Almost triumphantly, Barbara Bush answered the question of how she was faring after Monday's traumatic events.
"No comment -- let your eyes be your guide," said the wife of the vice president, raising her arm in a sweeping gesture. "We're in fantastically good shape. We're so grateful. We're very grateful."
And with that, she returned to greeting the women who crowded around her yesterday at the Four Seasons Hotel where the Wolf Trap Associates were about to start the second in a series of annual luncheon-lectures. Bush -- a longtime supporter of Wolf Trap Farm Park -- was among the 400 guests who came to hear soprano Beverly Sills, general director of the New York City Opera and a member of the Wolf Trap board, speak about the arts and opera. Bush is a friend of Kay Shouse, founder of Wolf Trap, who also was there.
"We're just so happy the Mrs. Bush could come," said Carolyn Long, wife of Sen. Russell Long (D-La.) and chair of the luncheon series, which benefits the opera program of the Wolf Trap Company. "I think that's a good symbol that business is back to normal."
Other wives of administration officials turned out for the event, Jane Weinberger, secretary of the Wolf Trap Foundation (the board of directors), said that the attempted assassination of President Reagan had not made her fear for her husband, Casper Weinberger, the secretary of Defense. "I think it's an isolated incident," she said of the shootings, "the work of a deranged man."
"This is our week of thanksgiving," said Ursula Meese, wife of Edwin Meese, counselor to the president, after the luncheon. "I heard Mr. Brady smoked a cigarette today," she said about the critically wounded press secretary.
Beverly Sills told the audience she had altered her remarks in light of Monday's shooting. "Forty-eight hours ago it was a whole different ball game," said Sills. "I had a speech prepared about budget and opera and fund-raising. I really can't make that speech today. This is really a day of celebration. The president is recovering, and so are the other three men. So I can't make a gloomy speech. I'm going to make a funny speech."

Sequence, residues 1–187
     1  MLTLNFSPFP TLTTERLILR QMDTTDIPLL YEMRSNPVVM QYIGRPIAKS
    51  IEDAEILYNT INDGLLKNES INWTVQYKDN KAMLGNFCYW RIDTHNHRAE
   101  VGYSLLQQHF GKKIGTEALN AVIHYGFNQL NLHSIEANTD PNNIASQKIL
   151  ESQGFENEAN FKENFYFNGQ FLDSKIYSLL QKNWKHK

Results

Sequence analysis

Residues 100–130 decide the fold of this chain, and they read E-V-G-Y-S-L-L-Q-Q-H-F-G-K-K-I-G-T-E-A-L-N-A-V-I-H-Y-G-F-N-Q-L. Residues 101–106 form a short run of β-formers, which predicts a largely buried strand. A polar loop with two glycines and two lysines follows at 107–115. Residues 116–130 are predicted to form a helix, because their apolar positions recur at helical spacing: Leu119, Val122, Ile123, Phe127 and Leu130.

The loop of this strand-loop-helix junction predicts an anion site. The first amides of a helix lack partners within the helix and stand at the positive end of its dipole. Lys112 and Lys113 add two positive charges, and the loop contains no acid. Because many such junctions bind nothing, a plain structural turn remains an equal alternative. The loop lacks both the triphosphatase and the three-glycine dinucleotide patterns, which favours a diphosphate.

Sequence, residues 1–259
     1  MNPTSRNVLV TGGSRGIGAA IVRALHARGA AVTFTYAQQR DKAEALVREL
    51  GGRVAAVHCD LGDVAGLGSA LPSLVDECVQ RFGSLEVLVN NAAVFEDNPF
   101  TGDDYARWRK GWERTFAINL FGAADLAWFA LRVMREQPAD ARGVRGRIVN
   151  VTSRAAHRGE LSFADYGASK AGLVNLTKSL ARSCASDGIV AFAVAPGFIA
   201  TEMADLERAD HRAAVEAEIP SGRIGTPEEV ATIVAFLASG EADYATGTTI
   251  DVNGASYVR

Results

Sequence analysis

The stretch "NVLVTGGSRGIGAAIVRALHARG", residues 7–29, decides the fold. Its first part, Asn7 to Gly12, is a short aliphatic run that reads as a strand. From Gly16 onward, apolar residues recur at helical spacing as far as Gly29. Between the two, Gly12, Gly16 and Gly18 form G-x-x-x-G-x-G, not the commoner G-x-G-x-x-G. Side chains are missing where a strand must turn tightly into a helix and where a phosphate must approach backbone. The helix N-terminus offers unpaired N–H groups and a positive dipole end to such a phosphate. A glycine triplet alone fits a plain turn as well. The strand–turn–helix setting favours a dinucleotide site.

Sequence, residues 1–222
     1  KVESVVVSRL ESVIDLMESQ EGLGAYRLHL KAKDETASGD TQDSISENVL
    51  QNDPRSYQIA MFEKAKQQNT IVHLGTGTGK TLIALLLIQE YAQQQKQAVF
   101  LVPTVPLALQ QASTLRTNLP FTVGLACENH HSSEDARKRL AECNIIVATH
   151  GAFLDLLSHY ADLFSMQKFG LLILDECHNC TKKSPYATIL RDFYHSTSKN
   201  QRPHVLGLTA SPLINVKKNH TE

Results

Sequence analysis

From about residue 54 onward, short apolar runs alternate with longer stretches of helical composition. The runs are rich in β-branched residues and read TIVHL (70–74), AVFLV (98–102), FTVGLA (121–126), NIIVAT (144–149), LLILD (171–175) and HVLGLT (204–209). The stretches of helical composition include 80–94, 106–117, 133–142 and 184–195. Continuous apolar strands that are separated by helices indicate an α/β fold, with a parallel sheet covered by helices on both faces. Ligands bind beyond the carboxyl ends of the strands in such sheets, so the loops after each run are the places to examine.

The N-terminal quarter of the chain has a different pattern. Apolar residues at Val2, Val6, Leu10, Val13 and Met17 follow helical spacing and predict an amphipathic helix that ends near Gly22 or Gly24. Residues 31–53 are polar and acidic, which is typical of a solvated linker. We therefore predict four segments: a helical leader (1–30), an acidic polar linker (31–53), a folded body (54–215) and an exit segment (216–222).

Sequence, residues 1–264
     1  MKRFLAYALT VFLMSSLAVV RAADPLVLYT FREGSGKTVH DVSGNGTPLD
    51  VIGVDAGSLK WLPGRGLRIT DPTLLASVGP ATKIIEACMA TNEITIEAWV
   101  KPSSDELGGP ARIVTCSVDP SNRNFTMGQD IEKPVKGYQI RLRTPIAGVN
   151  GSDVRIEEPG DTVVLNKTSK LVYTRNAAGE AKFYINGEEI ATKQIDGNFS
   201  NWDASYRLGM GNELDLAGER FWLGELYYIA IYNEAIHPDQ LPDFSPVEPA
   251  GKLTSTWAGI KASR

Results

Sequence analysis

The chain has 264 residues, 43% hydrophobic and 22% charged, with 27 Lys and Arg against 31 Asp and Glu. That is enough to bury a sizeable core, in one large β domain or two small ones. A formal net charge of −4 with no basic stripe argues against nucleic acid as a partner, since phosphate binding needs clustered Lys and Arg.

Sills told the story of her career, including many humorous anecdotes. She said that she began appearing on talk shows 15 years ago. "I thought I could tell people what opera singers were like," she said. "They weren't necessarily big fat ladies -- just chubby ones. We don't run around with spears. I thought this would encourage people to come to the opera.
"When I stopped singing last October, I thought: 'Where am I going to get a platform?' I got invited to join a lecture bureau. I thought that was pretty funny. My husband says I can talk for 20 minutes on anything. The man from the lecture bureau thought I was perfect."
Sills said she is "delighted" now that her singing career is over. "It ended exactly the way I planned it -- when people were saying, 'It's too soon,' not 'When is that woman going to leave?'"
Sills also entreated the audience to support the arts -- a timely plea in light of severe proposed cuts in the budgets of the national endowments for the arts and humanities. "It's terribly important you know what your role is," Sills said. "In addition to stockpiling weaponry, we should stockpile some beauty in our lives. Music and painting and dance must never be looked upon as frills and luxuries -- or we will be neglecting the one thing that has separated two-legged animals from four-legged animals."